Can you Find it – Business © 2017 THE FULL STORY…COUNTY MP WELCOMES COMPULSORY TB TESTING Published in Can you find it Business Edition on Thursday, January 5th 2016
CARLISLE MP Eric Martlew has welcomed the compulsory pre-movement TB testing of cattle to be introduced in England on February 20.
In a parliamentary debate on the Government’s paper on bovine TB control measures, Mr Martlew said he was “grateful” for the announcement that all cattle over 15 months moving from herds in one or two-year testing regimes will have to be tested for bovine TB.
“Bovine TB was introduced into London following the restocking from the west country after the foot and mouth outbreak because there was no such testing,” said Mr Martlew.
He went on to query the progress made on a vaccine for bovine TB. “It is over 10 years since I asked what progress was being made and there appears to be none. Is that because of a lack of resources or a lack of will?”
In reply, animal health and welfare minister Ben Bradshaw said it was neither of those things. “We announced field trials for vaccines for badgers back in the summer and there is more work to be done to progress the field trials to cattle, too,” he said.
“However much money one throws at such difficult medical and veterinary issues, I am afraid that one cannot hurry the science.”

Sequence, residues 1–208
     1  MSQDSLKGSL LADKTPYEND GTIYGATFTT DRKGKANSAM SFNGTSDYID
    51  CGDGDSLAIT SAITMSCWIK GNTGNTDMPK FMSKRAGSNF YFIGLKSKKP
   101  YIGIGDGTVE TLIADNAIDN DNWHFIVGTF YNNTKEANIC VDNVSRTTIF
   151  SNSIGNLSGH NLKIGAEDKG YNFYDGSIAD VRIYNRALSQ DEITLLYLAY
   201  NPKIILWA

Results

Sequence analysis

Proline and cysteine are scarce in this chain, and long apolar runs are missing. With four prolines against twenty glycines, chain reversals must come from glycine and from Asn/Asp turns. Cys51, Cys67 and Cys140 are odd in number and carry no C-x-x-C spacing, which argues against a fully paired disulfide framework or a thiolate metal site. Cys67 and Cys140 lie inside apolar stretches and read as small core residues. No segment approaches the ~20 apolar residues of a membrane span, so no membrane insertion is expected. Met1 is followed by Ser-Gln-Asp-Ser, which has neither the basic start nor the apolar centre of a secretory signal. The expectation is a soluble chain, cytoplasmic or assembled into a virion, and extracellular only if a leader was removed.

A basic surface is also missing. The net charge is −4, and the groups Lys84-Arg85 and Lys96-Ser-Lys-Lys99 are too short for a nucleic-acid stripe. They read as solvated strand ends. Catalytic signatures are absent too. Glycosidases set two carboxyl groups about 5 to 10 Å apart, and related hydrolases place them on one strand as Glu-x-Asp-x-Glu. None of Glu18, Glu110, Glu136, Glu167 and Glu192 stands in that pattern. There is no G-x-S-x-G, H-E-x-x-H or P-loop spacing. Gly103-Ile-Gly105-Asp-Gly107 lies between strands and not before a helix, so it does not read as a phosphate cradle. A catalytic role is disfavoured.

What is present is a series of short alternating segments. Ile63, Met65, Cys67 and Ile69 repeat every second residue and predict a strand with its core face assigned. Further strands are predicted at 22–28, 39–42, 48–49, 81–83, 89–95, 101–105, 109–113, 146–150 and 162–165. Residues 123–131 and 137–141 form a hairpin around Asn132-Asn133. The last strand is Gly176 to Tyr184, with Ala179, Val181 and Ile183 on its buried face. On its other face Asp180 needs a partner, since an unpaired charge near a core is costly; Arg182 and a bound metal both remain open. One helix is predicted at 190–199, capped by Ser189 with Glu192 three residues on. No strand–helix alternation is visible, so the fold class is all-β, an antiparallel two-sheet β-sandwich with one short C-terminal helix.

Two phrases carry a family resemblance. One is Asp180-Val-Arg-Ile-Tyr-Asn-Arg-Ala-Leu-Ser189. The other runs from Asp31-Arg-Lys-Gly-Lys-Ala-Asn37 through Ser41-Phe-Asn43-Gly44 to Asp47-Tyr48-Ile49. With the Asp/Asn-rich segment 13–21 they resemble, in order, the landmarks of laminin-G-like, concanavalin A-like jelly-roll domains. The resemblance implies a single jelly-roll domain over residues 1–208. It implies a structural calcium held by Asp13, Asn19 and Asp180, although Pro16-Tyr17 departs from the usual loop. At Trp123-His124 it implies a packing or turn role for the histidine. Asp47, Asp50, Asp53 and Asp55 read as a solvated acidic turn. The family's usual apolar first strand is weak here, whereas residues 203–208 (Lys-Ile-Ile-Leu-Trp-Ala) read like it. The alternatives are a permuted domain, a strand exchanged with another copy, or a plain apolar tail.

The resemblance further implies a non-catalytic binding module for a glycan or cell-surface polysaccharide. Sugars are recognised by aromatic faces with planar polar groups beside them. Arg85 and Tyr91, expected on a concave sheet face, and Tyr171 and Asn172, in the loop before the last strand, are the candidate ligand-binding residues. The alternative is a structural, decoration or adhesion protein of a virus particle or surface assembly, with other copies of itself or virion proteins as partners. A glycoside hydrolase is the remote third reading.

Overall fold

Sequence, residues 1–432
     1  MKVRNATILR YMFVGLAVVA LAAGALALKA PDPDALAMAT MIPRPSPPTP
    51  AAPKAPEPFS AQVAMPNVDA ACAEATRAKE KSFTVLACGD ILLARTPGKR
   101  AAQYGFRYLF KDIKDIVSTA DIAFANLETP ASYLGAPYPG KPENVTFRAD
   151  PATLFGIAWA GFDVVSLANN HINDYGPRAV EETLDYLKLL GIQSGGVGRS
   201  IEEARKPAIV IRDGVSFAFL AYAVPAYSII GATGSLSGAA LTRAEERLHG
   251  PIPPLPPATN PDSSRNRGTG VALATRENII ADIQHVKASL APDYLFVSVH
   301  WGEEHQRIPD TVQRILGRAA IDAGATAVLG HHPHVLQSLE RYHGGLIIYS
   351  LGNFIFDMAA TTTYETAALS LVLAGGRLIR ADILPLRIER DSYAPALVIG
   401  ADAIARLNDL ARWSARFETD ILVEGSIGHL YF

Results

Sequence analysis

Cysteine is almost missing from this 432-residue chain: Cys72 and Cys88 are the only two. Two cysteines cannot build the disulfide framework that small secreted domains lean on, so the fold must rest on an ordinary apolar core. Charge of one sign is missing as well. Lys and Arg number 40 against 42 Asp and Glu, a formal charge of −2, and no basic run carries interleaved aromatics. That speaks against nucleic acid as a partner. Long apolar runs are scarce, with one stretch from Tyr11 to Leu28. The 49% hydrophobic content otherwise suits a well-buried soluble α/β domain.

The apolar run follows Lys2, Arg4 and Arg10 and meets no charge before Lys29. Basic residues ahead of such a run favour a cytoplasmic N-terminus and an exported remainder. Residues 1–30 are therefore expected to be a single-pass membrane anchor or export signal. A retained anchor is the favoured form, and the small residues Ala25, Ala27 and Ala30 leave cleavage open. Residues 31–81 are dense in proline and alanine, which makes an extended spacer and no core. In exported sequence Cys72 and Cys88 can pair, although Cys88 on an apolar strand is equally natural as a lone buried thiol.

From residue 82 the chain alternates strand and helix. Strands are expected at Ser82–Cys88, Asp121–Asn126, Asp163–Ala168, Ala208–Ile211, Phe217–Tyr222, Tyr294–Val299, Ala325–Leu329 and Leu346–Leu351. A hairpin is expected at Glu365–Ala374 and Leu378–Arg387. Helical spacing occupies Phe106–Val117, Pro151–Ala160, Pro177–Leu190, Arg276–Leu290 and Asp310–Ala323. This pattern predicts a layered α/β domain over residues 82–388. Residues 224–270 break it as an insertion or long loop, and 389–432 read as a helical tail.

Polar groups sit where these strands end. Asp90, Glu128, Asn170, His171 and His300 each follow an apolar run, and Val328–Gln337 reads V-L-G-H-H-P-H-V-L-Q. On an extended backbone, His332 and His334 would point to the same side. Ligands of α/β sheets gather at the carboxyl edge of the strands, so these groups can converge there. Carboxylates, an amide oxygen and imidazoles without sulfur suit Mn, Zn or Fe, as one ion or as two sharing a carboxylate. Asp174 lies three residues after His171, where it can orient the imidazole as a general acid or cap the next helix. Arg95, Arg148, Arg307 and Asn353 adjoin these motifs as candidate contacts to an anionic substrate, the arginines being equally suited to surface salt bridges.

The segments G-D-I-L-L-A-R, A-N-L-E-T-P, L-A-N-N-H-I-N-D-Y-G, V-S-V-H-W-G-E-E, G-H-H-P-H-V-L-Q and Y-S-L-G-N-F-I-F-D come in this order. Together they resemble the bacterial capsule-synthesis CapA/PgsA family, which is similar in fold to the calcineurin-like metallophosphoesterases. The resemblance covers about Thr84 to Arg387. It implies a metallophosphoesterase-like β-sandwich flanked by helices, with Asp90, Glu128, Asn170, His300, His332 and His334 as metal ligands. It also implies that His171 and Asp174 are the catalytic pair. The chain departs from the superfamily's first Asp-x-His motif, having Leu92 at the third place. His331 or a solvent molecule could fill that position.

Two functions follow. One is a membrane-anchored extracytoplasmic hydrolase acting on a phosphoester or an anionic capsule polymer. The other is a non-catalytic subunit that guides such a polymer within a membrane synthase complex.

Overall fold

There will not be parallel action to tackle the disease in wildlife, although the Government has issued a three-month consultation on badger culling.
Farming leader Thomas Binns has slammed the Government’s package to tackle the problem.
Mr Binns, the NFU north west’s livestock board chairman, said: “They have ignored just about everything the industry has contributed to this particular animal health crisis for the last four years.
“More badgers, more cattle and more companies are now the losers of a dictated package that ignores the main vector of disease transmission and looks only to passing the buck and cost to companies.”
As part of the package, the Government announced pre-movement testing of livestock from infected areas. Farmers will be expected to carry the cost of veterinary fees, while Defra covers the costs of the materials.
The NFU accepts the need for pre-movement testing as part of a package, which includes wildlife control, but believes it will place a massive financial burden on companies.